Sunday, February 22, 2009

Knitty City

I have to thank Pearl and Phyllis from Knitty City for opening up a whole new world to me. Knitty City (208 West 79th Street, between Broadway and Amsterdam, (212) 787-5896 sits near a very windy corner on the Upper West Side. The day I went there it was pouring like it hadn’t in years. I fled into the store, away from the weather. I felt like a mess: my coat was soaked, my hair stuck to my head, and I was totally rattled. Cold, windy weather is just not my thing… So I was thankful to be surrounded by warm, fuzzy yarns. I took a peek around the store while Pearl got something sorted out, and I saw many things I loved: silky Malabrigo, three-colored Misti Alpaca, cuddly soft kid-mohair by Rowan, and lots of Colinette. One table in the front had a bowl with jewelry-embellished Artyarn. If I only had the money…

When Pearl came over she introduced me to Phyllis, who writes the newsletter and maintains the store’s website.

We sat down at a small round table in the front of the store while some staff members gave knitting advice at another, larger table in the back.

Pearl had to leave shortly, so we were a bit rushed. She started by telling me that she had envisioned the store to feel as if you were in her studio or home: “inviting, with carefully chosen mismatched chairs, to work against a kind of school-room feel.” “I like artists,” Pearl continued. “My focus here is on books about knitting, and especially about knitters, but not just regular knitters.”

“We really love fiber artists,” Phyllis chimed in. “Do you know Xenobia Bailey?” I shook my head. I actually didn’t know that there even was such a thing as a knitting artist, someone who would actually be exhibited in a major museum (like Xenobia Bailey). I only knew Faith Ringgold, a quilting artist, but I had always thought she was unique. Knitty City was hosting a store party for Xenobia. “She makes tea, too!” The evening was going to be filled with tea. Everyone was to bring her favorite cup, and the store would serve up Xenobia’s wonderful African imported flavors while she talked about her work.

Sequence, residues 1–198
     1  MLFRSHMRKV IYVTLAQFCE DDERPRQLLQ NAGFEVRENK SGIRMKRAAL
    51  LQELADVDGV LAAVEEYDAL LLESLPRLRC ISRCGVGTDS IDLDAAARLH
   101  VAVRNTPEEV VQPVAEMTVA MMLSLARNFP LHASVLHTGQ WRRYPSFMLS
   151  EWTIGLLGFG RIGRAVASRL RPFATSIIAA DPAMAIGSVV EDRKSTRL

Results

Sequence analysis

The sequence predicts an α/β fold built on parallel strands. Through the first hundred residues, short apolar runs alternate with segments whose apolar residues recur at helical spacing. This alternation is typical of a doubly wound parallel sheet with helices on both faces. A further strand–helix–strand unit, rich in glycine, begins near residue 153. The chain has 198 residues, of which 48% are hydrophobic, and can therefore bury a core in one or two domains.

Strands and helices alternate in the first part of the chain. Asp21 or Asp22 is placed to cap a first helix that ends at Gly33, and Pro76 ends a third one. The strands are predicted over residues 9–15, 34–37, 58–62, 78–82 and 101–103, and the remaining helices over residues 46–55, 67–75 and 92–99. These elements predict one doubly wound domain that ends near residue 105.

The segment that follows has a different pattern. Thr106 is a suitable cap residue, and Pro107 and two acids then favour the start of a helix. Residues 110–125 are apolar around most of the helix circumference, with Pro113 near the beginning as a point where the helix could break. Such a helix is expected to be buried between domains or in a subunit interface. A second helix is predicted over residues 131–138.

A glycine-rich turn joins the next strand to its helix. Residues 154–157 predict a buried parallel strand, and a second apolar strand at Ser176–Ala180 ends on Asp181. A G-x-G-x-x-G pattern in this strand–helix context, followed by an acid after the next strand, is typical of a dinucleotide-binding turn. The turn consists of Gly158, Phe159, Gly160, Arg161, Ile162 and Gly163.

Phyllis continued. “There’s also Kathy Goldner(author of the Knitting Out Loud audio books), and Sabrina Gschwandtner, who wrote the book Knit Knit--do you know it?" I didn’t. "It’s right here. Sabrina will be here February 21st." I leafed through the book and saw knitted mushrooms, tiny knitted boots, and gigantic knitting needles held by two actual bulldozers. Given my frame of mind that day, this was about all the information I could handle, so I asked Pearl and Phyllis my seven questions (or rather six, because I forgot one) before Pearl ran out the door.

Me: When did you open your store?

Pearl: We opened in January, 3 years ago. We actually knitted a cake for our anniversary. Did you see it in the window?

Me: How did you choose this location?

Pearl: I knew people in the building who told me the space was available. I feel this is a great community for knitting. People in this neighborhood love books, and we carry a good selection (she even carries a Japanese book—written in Japanese—with thousands of graphed stitch patterns).

Me: Who are your staff?

Pearl: We have a large staff. (I can attest to that. When I was there, there were at least 5 people working in the store.) Some of them were with us from day one. Very few people have left. I think it’s about 10-11 people.